The scope of manual perspective correction is for expert users who wish to have control over the entire correcting process.
A successful manual correction gives the best possible result, which can be very close to what allows a tilt and shift lens.
These manual settings can also be used to fine-tune an imperfect automatic correction by only using one of these components (up / down + left / right).
Up / Down Correction
This is the essential adjustments of the perspective correction used in most cases!
The image swings around its median horizontal axis.
In palette “Perspective”
– “Up / Down” tool
– to the left (Top): the top of the image becomes more important; straightening of a downward shooting (most common case)
– to the right (Bottom): the bottom of the image expands; straightening a low angle shooting
Observe the phenomenon by applying the correction AND activating at the same time the cropping:- Move the cursor to the left. The impression is to enlarge the image in its upper part when in fact it is also compressed in its lower part.
* It is strongly recommended to use the grid to refine the accuracy based on the side elements.
Ensure a symmetrical correction where the verticals are perfectly corrected on the left and on the right. If this is not the case, it means that the skyline is not perfectly horizontal on the image.
A slight defect can be corrected by refining the angle value (Palette Horizon / Angle ).
* Horizon and perspective corrections can greatly reduce the usable area of the original image. It is possible to recover some by cloning “neutral” areas such as the sky. The crop is then airier.
Users of ViewPoint integrated with PhotoLab have a solution to make, at the end of the corrections, a DNG or TIFF export to be taken back into PhohoLab and to finish the cloning with the Repair or Duplicate tool (test which one will give the best result).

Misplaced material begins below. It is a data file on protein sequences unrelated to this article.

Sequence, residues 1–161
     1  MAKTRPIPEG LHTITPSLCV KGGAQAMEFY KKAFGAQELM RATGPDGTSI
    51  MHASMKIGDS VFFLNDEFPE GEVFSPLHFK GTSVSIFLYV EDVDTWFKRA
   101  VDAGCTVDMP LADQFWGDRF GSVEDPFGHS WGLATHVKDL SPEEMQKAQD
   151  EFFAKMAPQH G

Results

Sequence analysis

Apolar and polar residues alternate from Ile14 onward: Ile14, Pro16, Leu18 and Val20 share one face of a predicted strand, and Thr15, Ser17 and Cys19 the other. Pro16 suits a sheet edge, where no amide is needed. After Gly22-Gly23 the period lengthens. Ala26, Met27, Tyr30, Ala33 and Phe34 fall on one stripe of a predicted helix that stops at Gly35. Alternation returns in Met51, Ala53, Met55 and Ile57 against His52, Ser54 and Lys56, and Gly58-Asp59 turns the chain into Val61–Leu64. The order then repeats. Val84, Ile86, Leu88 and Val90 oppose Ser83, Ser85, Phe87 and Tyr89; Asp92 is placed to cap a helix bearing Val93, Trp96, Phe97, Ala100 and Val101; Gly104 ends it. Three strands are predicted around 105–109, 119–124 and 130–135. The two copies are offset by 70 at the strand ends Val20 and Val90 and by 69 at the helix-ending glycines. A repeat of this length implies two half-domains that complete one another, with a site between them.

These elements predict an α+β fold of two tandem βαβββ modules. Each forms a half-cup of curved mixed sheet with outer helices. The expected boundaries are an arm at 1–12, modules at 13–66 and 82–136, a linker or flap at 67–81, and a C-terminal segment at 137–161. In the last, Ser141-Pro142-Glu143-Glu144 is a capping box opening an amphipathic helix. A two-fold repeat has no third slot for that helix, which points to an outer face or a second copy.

This involves to finalize the image after the horizon correction and to replace a dark part out of original shooting.
This illustration shows a case where automatic correction and correction by verticals lines fail because the verticals references are near and on the same side of the image. The Up / Down correction is perfectly adapted, the few verticals available are enough for a perfect correction.
Left / Right Correction
The Left / Right correction is used primarily for façade (building / monuments) photos when the horizontal line of sight is not perfectly perpendicular to the facade.
This situation occurs frequently for tall monuments when the farthest point available for shooting is not in the axis of the facade. The horizontal lines then present unwanted vanishing lines.
This correction must occur after the Top / Bottom perspective correction and must always be moderate to remain natural.
In palette “Perspective”
– “Left / Right” tool
– to the left: the image is settled up on the right. The height of the subjects to the right of the image decreases
– to the right: inverse effect. the subjects to the right of the image take more importance
This correction also serves to rebalance the proportions between two characters of which one is in withdrawal.
The point of view is slightly to the right of the subject: the horizontals have a vanishing point to the left while it is expected that to be really horizontal. After correcting the vertical perspective, the Left / Right correction straightens the horizontal lines. The goal is to inscribe the facade in a rectangle instead of a trapeze.
Horizontal / Vertical ratio
This tool modifies the proportions of relative width / height of an image. In most cases, straightening the perspective with ViewPoint’s tools is keeping the subject’s proportions.
Its effect is very (too) fast. It is to be used sparingly to make it natural to the stage.
In palette “Perspective”
– tool “H / V ratio”
– to the left, cup the image that loses a little height
– to the right stretches the image, always on the pitch.
Changing the H / V ratio affects the image’s initial ratio. Restore it with the crop tool.
It is tempting to increase the height of the building by modifying the report H / V to make the feel of the shooting (related to our vision in relief).
The rectified image is perfectly in line with the actual proportions of the facade. But the height of the towers seems diminished for a logical reason of perspective. Placed away from the main facade, they are perceived lower.
In this case, we can play on the H / V ratio to increase the height. It’s a compromise between reality and feeling.
The final destination of the image and the way to looking at may affect whether to change or not the aspect ratio.
For this example, a web screen view or an A4 print may justify a slight low angle stretch to emphasize the impression of height. But this is neither necessary and not desirable for a large format print to be exposed in optimal conditions, where the eye is placed at the bottom of the image as in reality.
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